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Alfred Tennyson.
Half a league, half a league, Half a league onward, All in the valley of Death
Rode the six hundred. " Forward, the Light Brigade! Charge for the guns!" ne said :* Into the valley of Death
Rode the sis hundred.
" Forward the Light Brigade!" Was there a man dismayed ? Not tho' the soldier knew
Some one had blundered. Theirs not to make reply, Theirs not to reason why, Theirs but to do or die: Into the valley of Death
Rode the six hundred.
Cannon to right of them, Cannon to left of them, Cannon in front of them,
Volleyed and thundered ; Stormed at with shot and shell, Boldly they rode and well, Into the jaws of Death, Into the mouth of hell,
Rode the six hundred.
Flashed all their sabres bare, Flashed as they turned in air, Sabring the gunners there, Charging an army, while
All the world wondered. Plunged in the battery smoke, Right through the line they broke : Cossack and Russian Reeled from the sabre-stroke,
Shattered and sundered. Then they rode back, but not,
Not the six hundred.
Cannon to right of them, Cannon to left of them, Cannon behind them, Volleyed and thuudered.
Stormed at with shot and shell, While horse and hero fell, They that had fought so well Came thro' the jaws of Death, Back from the mouth of hell, All that was left of them, Left of six hundred.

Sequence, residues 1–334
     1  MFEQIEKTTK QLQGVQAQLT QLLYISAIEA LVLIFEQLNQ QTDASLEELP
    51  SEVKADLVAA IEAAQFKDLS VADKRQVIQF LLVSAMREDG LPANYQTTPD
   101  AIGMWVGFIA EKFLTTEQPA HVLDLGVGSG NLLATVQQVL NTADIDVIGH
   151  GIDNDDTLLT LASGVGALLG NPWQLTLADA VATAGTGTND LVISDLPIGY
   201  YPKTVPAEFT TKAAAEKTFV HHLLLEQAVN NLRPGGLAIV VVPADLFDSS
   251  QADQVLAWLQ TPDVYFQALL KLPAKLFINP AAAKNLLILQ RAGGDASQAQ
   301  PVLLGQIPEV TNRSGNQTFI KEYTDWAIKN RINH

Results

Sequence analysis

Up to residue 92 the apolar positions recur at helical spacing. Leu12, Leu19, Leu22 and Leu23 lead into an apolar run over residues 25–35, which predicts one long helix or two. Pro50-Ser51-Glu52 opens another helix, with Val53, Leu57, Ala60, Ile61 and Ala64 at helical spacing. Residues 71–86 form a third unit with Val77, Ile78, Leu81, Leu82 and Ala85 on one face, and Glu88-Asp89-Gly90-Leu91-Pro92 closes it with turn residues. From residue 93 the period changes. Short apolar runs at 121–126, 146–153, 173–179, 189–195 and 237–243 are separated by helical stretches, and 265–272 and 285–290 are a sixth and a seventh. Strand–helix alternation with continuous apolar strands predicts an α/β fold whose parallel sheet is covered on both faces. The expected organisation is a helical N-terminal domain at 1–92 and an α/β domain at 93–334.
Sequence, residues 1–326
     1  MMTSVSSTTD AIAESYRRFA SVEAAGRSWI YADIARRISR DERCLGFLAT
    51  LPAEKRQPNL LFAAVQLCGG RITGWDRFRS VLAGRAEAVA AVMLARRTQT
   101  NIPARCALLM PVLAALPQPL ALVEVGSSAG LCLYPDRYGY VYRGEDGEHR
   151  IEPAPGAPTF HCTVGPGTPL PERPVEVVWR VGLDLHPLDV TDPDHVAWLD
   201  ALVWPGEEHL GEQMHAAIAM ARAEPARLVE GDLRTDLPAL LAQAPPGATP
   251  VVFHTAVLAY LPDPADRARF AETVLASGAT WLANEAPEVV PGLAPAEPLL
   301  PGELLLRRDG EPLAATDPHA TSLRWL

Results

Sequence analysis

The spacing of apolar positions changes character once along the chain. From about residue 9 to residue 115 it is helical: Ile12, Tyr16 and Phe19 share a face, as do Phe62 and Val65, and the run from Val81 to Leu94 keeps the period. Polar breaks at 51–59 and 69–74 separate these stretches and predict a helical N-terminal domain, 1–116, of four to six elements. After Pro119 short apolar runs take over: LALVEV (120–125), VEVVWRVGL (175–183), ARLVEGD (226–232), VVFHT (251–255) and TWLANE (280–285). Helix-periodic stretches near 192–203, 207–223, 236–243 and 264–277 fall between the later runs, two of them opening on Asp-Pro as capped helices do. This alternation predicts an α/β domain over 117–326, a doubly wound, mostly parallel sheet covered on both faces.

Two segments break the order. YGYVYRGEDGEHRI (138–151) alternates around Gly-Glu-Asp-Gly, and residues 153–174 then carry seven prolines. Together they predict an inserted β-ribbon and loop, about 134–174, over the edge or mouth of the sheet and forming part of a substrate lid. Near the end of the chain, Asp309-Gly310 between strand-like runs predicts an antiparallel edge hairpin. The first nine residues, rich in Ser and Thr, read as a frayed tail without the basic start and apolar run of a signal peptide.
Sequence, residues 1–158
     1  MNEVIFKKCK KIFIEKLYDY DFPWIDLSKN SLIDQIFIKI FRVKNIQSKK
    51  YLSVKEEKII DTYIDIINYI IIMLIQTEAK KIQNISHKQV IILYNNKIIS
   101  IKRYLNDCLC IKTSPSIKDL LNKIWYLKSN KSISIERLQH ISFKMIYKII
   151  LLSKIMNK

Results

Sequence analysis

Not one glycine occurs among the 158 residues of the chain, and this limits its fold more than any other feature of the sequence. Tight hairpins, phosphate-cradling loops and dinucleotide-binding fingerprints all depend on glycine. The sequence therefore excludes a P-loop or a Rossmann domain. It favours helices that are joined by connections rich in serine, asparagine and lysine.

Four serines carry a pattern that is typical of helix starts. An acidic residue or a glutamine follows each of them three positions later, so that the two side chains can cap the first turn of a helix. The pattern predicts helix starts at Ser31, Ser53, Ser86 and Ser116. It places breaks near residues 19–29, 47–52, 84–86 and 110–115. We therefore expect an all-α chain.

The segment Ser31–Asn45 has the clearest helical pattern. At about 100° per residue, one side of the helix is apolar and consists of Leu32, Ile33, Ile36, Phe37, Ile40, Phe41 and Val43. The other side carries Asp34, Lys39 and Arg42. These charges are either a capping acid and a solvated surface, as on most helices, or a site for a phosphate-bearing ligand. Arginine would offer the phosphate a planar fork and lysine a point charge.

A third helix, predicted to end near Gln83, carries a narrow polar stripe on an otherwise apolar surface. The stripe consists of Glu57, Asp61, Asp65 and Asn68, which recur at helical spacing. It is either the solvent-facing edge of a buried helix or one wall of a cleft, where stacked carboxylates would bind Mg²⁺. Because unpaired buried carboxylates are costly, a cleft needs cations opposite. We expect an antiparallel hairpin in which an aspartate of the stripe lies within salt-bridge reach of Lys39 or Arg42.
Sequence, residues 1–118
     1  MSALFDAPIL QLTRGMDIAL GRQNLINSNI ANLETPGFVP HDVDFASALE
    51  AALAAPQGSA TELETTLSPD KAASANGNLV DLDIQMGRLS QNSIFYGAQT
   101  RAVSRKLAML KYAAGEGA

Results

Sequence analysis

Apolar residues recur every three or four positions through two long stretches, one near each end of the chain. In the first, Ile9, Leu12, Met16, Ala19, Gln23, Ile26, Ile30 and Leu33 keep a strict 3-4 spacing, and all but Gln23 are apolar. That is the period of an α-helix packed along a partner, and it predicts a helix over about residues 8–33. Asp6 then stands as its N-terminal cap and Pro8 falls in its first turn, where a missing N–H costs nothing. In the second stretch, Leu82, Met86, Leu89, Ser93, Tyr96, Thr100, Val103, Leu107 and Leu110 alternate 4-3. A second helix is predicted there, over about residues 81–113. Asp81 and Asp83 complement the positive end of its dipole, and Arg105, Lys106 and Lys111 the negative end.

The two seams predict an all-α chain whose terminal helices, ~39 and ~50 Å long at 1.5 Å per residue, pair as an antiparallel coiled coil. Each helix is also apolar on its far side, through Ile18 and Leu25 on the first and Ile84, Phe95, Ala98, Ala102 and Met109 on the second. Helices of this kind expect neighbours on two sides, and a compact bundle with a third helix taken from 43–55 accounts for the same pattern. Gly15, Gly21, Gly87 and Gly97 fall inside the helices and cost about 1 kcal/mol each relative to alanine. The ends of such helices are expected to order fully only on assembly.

When can their glory fade ? Oh, the wild charge they made!
All the world wondered. Houor the charge they made! Honor the Light Brigade!
Noble six hundred!
Robert Southet.
It was a summer's evening,
Old Kaspar's work was doue, And he before his cottage door
Was sitting in the sun ; And by him sported on the green His little grandchild, Wilhelmine.
She saw her brother Peterkin Roll something large and round,
Which he beside the rivulet, In playing there, had found.
He came to ask what he had found,
That was so large, and smooth, and round
Old Kaspar took it from the boy,
Who stood expectant by; And then the old man shook his head,
And, with a natural sigh, "'Tis some poor fellow's skull," said he,. " Who fell in the great victory!
"I find them in the garden,
For there's many hereabout; And often, when I go to plow,
The plowshare turns them out; For many thousand men," said he, "Were slain in that great victory!"
"Now tell us what 'twas all about,"
Youug Peterkin he cries; And little Wilhelmiue looks up
With wonder-waiting eyes; " Now tell us all about the war, And what they killed each other for ?'"
* Captain Nolan´┐Ż Ed.

E-Book - An Annotated Compendium of Old Time American Songs by James Alverson III